ignored, but pressured and made to feel like I was making a bad decision . I felt so ashamed at not being able to help, and also frustrated that he continued to push, while unable, due to some ingrained sense of politeness to close the door on him. The kicker for me, was that when my husband stepped in and said “I believe my wife already said no”, the young man stepped back, put his hands up and said “of course, yes, I do not mean to pressure”, and left quickly.

We all want to help. Ok, well, almost all of us want to help. It is natural to want to help our fellow humans. I believe this strongly and shake my head when I hear Randian me, myself and I arguments. I appreciate that I am an easy mark because of this. My own sense of guilt at not helping, my people pleasing tendencies and my difficulty with saying “No” are all blindingly obvious to those looking for someone to subscribe to a fund. What I do not appreciate is that in order to be taken seriously, my husband needed to step in. My no is the same as his no. My money and his money coexist quite happily in their mutual bank account. My budget and his budget are the same. We are both looking to feed and cloth our shared children. Yet his no is respected instantly, and mine is poked and prodded and harangued.

At this point, some of you can see where I am going with this, and are thinking “seriously? How did she make a post about the state of emergency in British Columbia into a feminist issue??” Well, folks, I’m glad you asked. I did not make it a feminist issue. The young man representing a global charity and relief fund made it a feminist issue when he demonstrated that to him what a woman says is not as valuable or as true as what a man says. I am home sick from work with bronchitis and a sinus infection, I can barely speak, and yet, I could not end the conversation with this fellow. My husband walks in the room, and he is gone within 15 seconds. This, my friends, is exactly why we still need feminism. This is why I will repeat myself like a broken record. This is why I will stand on my virtual soapbox. When my croaky sick voice is taken with the same seriousness as that of my husband, then I will step down, but not a moment sooner.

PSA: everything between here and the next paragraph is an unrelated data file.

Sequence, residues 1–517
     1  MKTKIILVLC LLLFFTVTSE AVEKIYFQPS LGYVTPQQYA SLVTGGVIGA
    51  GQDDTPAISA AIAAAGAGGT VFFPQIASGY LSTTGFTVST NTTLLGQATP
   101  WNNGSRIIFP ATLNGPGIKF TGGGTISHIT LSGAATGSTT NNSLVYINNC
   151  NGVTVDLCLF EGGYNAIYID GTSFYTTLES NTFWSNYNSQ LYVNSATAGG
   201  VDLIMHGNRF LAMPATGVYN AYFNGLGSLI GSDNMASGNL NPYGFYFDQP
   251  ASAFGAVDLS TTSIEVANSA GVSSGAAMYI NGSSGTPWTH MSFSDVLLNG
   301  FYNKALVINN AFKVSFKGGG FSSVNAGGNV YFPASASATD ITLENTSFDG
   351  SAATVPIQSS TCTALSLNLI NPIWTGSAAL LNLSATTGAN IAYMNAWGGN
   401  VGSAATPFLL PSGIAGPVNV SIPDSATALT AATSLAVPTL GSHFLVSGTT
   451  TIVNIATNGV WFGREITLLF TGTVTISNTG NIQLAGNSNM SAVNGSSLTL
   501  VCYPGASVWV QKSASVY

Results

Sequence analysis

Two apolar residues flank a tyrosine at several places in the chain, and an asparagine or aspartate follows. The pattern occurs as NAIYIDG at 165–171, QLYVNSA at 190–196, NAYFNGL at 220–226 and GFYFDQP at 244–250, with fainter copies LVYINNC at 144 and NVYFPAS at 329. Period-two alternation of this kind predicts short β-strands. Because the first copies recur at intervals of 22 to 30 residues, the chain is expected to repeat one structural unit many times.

*seriously, though, if there is anything you can do to help those affected by the fires in BC, please donate. Whatever you can do, even spare some of your time, can make a difference.

BC Fires Red Cross